Coming into the 2010 college baseball season, LSU right-handed pitcher Anthony Ranaudo was the consensus pick for the top collegiate player to be taken in the upcoming draft. In 2009, Ranaudo went 12-3 with a 3.04 ERA and 159 strikeouts in 124 innings pitched, leading his team to its sixth College World Series title. However, a stress reaction in his elbow back in March sidelined him for a month. Since coming back from the injury, Ranaudo has gone 2-2 with an ERA of 8.69, and opposing hitters are hitting .290 off him. Something is clearly wrong, be it health or otherwise. The elbow injury can be traced back to his freshman year in 2008, when he was out nearly two months with elbow tendonitis. This type of performance will undoubtedly hurt his draft stock, but just how much? Considering his track record, the three above-average pitches with good command, and just the overall package of Ranaudo, he will still be a top ten pick. But, he also has Scott Boras as his advisor, so there’s no telling what his asking price is going to be.
With that out of the way, I think it’s important to look at some tendencies in Joe Jordan’s draft philosophy since taking over in 2005. Thanks to Andy Seiler’s 2010 Orioles Draft Preview on MLB Bonus Baby (highly-recommended, by the way), we are able to see some patterns that could possibly help us decide who the Orioles could be leaning towards on day one. Seiler identified five tendencies altogether:
- Jordan loves speed from his hitters beyond the first round, but likes more polished prep hitters than raw and toolsy ones.
- Jordan prefers prep hitters over collegiate ones.
- Jordan’s willingness to go with either one big-name player at the top or to mix and match with over-slot guys like he did in 2009.
- Jordan’s affinity for the big three states – Florida, Texas, and California.
- Jordan likes projectability in his pitchers, even if they are college prospects.
I would actually like to add a sixth one to this list. The past three years, Jordan has gone with safer and more polished players with the first pick. Picking in the top five overall each of the last three years, I agree with this strategy. For this year’s draft class, I believe Jordan will more than likely do the same. With that said, I think you can safely rule Sale and Ranaudo out of the picture.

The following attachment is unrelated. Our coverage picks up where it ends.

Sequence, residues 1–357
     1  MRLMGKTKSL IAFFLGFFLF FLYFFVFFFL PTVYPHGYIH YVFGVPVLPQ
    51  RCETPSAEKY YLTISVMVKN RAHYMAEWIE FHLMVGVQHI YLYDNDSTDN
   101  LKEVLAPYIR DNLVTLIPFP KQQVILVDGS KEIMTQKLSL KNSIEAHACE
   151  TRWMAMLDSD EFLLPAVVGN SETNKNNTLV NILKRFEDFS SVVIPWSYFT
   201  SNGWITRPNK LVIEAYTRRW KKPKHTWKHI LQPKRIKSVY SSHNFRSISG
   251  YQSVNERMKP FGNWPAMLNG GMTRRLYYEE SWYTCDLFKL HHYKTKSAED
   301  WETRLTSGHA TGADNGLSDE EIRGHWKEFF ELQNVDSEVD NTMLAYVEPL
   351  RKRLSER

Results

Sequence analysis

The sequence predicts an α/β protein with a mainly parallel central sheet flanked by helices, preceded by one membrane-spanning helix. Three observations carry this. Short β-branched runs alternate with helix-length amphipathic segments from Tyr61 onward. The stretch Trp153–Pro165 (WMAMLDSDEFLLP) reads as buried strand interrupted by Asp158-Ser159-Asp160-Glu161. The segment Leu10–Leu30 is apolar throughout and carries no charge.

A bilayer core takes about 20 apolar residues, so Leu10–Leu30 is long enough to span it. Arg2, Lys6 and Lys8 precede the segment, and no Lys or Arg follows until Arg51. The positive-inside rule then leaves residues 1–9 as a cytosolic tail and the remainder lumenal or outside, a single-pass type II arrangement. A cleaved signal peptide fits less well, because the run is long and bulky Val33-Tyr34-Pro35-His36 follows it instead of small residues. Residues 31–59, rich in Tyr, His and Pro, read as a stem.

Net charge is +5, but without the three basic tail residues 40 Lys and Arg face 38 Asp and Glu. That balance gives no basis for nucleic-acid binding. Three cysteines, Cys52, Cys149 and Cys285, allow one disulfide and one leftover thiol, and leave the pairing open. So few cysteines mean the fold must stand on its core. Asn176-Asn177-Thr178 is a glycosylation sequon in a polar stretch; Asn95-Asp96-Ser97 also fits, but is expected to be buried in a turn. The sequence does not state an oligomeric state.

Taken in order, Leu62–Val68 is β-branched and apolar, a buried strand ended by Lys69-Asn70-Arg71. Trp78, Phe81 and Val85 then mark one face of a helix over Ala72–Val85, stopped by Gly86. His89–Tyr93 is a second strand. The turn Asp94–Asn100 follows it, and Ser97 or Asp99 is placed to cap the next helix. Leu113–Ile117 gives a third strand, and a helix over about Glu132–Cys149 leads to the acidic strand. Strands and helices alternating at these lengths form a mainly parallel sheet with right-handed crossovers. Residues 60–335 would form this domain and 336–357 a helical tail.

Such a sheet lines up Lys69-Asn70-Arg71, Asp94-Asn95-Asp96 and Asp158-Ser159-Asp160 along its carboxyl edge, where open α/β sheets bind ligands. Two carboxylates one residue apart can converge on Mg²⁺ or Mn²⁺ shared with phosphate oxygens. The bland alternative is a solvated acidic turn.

That leaves Pomeranz and McGuire. However, is there a chance the Orioles decide to go with someone other than these two? As Seiler pointed out, Jordan likes projectability in his pitchers and polished high school hitters. Two names immediately come to mind: Texas prep RHP Jameson Taillon and Florida prep shortstop Manny Machado, both of whom are considered consensus top ten picks at this point, with Taillon settling in comfortably at number two. Below are brief scouting reports on the two, courtesy of Perfect Game Crosschecker.
Jameson Taillon, RHP, The Woodlands HS (Tex.)
6’7”, 230 lb. frame. Extra large athletic build, plus strong, very well coordinated actions. Well paced 3/4′s cross body release, long extended arm action, repeats + well. Maintained 95 mph FB from stretch, outstanding angle to RHH’s. Present plus true CB at times, hard and late with big break, commands CB plus well. Only 1 change this outing, has flashed plus change in past. No doubt #1 guy in class, special talent. Very good student, early draft prospect, verbal to Rice. Aflac All-American.
Manny Machado, SS, Brito Private HS (Fla.)
6’2”, 180 lb. frame. Athletic frame, projects large. Smooth footwork at SS, quick hands, showed good arm strength, athletic actions on all plays, solid body control. Starts his swing with wrapped bat but catches up to 90+ FB just fine, has leverage and hit balls hard in games, gets good extension, swing looked better against higher velocity. Pitched from 3/4 arm slot, good easy arm action, 90 mph FB has good movement, showed some good CB spin as well. Scouts need to keep a close eye on this talented player. Good student, verbal to Florida International.
With Bryce Harper almost certainly being a lock to be taken first overall, Taillon would only be available if the Pirates decide to pass up on him at number two, which is quite possible. Some have said they’re leaning towards Pomeranz due to concerns that Taillon might require a record-setting bonus for a prep arm. That bonus was given to Rick Porcello in 2007, a four-year major league contract worth $7.28 million.
Machado would probably be a bit of an overdraft at number three. Many believe he is the top all-around prep position player in the draft, but the general consensus is that he’ll be taken anywhere between the second five of the top ten picks.